Negro League Baseball, Harmony Holiday’s first book and recipient of the 2011 Motherwell Prize, is something multi-faceted—a crystal held under many lights, casting bright spots and deep shadows. Part grief, part linguistics, part fire, and part deconstruction of all these things, the poems are mimetic of a mind in a constant state of flux…yet, they always seem sure of themselves. Negro League Baseball is a plurality, one of those books too frustratingly challenging to describe or delineate into one form.
Holiday’s poems don’t want to be held onto, but instead they curiously wrap themselves around you. There are such intense moments of perception throughout that you’ll wonder where she pulls such wisdom from.
“Ideas are the saddest thing Ideals are the next saddest” -from “Like I’m Simple”
“Intelligence is about pain and unteaching.” -from “Crisscrossing in the Dark”
“…joy is sorrow unmasked.” -from “(Afterward) Notes on a Letter to the Singer Abby Lincoln from her Lover, Abraham Lincoln”
She constantly pushes boundaries of form, affection, and race. It’s no surprise with her dancing background that many of her poems progress much like a dance. The words are her limbs, the shape of her torso, her deliberate movements, her way of shaping something unshapable. Every word is cautious yet intimate, somewhat wild.
In “Lonely Vessel,” specifically, she pairs this playful deconstruction of language with themes of race and identity; and she makes it achingly alive with her bold-grit tone.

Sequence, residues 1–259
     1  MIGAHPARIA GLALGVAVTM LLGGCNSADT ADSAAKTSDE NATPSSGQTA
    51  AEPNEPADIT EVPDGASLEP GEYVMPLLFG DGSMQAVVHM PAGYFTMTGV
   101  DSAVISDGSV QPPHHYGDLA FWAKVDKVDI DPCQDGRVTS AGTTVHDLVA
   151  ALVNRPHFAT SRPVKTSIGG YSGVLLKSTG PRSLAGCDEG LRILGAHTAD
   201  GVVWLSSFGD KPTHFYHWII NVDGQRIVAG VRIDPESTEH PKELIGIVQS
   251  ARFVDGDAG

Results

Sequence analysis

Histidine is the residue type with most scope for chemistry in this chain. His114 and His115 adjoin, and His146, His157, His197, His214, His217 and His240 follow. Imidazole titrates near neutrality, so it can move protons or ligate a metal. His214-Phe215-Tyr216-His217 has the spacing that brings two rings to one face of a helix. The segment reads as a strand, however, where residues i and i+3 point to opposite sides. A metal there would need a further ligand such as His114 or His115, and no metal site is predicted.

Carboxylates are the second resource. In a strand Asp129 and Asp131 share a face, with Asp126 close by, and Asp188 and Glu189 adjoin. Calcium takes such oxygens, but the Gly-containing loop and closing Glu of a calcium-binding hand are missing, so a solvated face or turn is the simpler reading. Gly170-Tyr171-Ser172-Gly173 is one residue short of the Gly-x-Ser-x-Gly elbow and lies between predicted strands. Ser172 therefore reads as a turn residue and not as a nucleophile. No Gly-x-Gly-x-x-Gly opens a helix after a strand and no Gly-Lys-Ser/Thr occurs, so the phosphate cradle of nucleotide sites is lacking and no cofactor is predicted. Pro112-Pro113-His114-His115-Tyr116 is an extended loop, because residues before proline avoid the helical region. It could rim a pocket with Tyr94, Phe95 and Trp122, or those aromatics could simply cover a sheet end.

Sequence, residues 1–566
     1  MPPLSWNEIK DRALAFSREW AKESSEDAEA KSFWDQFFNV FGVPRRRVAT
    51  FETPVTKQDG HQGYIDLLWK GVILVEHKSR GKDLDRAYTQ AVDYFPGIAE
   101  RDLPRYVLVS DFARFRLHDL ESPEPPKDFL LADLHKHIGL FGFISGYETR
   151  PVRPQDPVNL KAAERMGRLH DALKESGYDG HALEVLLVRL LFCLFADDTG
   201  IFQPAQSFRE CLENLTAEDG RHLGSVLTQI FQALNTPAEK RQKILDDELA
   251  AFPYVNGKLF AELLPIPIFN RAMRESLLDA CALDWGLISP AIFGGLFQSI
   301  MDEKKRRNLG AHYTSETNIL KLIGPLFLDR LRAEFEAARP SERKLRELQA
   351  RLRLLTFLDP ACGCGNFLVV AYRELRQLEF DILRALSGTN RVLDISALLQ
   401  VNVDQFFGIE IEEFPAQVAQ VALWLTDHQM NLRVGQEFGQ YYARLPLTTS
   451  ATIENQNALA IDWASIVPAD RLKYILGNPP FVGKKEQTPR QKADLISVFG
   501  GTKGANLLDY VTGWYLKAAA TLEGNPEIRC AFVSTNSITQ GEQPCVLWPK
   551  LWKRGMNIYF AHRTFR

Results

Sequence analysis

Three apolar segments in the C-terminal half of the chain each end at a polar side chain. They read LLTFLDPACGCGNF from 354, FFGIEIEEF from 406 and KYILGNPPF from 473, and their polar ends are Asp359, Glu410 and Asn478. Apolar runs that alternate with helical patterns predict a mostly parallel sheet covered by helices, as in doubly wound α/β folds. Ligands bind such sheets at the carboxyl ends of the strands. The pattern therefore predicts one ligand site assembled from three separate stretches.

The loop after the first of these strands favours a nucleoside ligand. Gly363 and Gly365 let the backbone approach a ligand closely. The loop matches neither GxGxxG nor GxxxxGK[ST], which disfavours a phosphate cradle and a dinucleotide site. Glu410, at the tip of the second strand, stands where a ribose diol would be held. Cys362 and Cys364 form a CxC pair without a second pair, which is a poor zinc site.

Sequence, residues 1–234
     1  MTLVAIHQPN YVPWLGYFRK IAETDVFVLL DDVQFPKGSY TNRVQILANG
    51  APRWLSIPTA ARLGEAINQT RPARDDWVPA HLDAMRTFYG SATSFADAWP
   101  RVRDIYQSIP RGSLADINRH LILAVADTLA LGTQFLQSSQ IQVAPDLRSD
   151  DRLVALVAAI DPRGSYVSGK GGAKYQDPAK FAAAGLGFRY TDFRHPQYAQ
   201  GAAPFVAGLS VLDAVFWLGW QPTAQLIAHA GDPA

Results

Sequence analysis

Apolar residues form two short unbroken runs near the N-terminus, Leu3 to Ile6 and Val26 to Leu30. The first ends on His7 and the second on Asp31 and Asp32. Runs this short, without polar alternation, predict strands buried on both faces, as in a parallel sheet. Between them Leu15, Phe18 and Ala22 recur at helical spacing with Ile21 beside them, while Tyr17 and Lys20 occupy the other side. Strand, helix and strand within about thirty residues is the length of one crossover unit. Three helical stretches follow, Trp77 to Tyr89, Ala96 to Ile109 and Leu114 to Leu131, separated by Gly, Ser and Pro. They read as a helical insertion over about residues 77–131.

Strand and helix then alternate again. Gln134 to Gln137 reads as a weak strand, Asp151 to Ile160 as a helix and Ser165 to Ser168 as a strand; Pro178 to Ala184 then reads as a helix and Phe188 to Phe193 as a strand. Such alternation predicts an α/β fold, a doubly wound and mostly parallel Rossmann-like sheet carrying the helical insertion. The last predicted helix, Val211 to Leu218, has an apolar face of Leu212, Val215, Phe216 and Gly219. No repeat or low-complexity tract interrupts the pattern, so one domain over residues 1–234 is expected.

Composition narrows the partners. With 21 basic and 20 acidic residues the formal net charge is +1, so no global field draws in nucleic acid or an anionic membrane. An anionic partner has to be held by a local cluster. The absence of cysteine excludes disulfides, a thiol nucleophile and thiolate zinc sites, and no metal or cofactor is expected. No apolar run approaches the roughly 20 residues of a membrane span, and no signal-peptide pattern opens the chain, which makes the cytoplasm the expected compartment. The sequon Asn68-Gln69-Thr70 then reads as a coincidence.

"Berlin in a crank, say d a r l i n g. Berlin/darling. Nearly mean anger for the letters infringing upon their / anchors to mint up statues who cool us carve for carve. Mandingo in Berlin and Josephine and the gallivant / and the Jesus Sandal and the disgruntled yellow man, omnibus, strolling bliss onto his disposition guts / grumbling on some spacious hunger of passengers fecund from lurking Germany was everybody’s word for forward, in Berlin everywhere.
For him I am Italian and for cache African and for the black American and foregone capital, all hollow gravity / art/sing, darling, I can float on a raft sink that city, and rickshaw in one piece—inevitable renewal, you look a / stoic glamorous, tossing your stammers in your hips, it’s sharp, your charm hinge on your gimme, gimme, / chest in your arms, jumping, like a famous junkie"
Holiday imbues the poems with names, referring to figures from Booker T. Washington to Leadbelly to Edith Piaf to Ovid to Mel Gibson. She creates a strange world in which politics, history, music, literature, the arts, and the everyday mingle in one room together.
She seems to intentionally lose us in series of stream of consciousness and run-ons until we don’t know where we are anymore. Yet she surprises us always with something sharp and hot. The poems speak to a cyclical nature, but the circle always takes on a different shape. Her voice is educated, musical, brave, and strange. It would be amiss to neglect the obvious similarities to a storm here—smooth, low consistent rumblings with scattered breaks of loud light, a sensation that fills itself up in the air yet appears ethereal since we hear it from above. She places us in this field that she created with its peculiar weather and its strangely colored grass. She wants us to see that all of our preconceptions of what a field is supposed to be just don’t apply anymore. Negro League Baseball not only creates a new space but it tells us how to communicate in this space. It asks of us—“look at me, see me, watch me” (from “Alltime”).